Some studies show that people maintain a kind of moral equilibrium, meaning that giving money to charity may lead them to skimp on the tip at dinner, whereas partying too much may inspire a volunteer day at the soup kitchen.
But other studies found just the opposite: Behaving ethically leads people to more good deeds later, said study co-author, Gert Cornelissen, a psychologist at the University Pompeu Fabra in Spain.
To sort out this conflicting picture, Cornelissen and his colleagues asked 84 undergraduates what they would do in a hypothetical dilemma where a runaway trolley is on a collision course with five people, and the only way to save them is to flip a switch, reroute the trolley and kill one person.
People who would flip the switch were considered to have outcome-based morality, where the end results (saving four lives), not the actions (causing one person's death), matter most. Those in the opposite group were assumed to base their morality on rules, such as "deliberate killing is always wrong."
Half of the participants were then asked to remember a time they behaved ethically, while the other group remembered past unethical behavior. They then asked participants to share a pot of money with partners.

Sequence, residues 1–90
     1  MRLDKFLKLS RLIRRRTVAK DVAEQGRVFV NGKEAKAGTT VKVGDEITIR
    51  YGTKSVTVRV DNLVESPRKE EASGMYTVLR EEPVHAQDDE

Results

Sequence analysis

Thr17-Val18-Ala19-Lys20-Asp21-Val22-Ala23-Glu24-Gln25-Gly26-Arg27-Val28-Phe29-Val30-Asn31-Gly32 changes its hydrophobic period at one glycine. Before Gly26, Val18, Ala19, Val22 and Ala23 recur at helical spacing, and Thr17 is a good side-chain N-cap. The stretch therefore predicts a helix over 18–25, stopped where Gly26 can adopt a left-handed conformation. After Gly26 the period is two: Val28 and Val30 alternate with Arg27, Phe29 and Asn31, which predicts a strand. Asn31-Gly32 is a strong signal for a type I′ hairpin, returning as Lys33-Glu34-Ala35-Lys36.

Those who had an ends-justify-the-means mindset were likelier to be stingier with others if they were reminded of their past good deeds and more generous if they recalled past unethical behavior. By contrast, those who tended towards rules-based morality showed the opposite trend, suggesting that past good deeds or bad deeds were prompting similar behavior later on.
The "trolley problem," originally introduced by philosopher Philippa Foot in 1967, is a topic I've encountered before (in discussion, not in practice), and I've never felt particularly more inclined toward one action over the other. When it comes to "five lives versus one life," I would tend to respond with "depends on the lives"—I don't feel that five lives are necessarily worth fives times as much as one life. But that's not part of the scenario. All you're meant to go on is the numbers, in which case I don't feel there is enough data to make a morally informed decision, and so I don't regard either option as more morally compelling than the other. Any choice I made in this situation would be, to me, arbitrary and amoral. That said, probably 7 times out of 10, I would opt to stay the course, simply because, in the interest of limiting arbitrary actions, I tend to the default, if one exists. Those 3 times that I would reroute the trolley, meanwhile, would account for those periodically spontaneous moods of mine, when I will opt to do something just for the sake of doing something over doing nothing.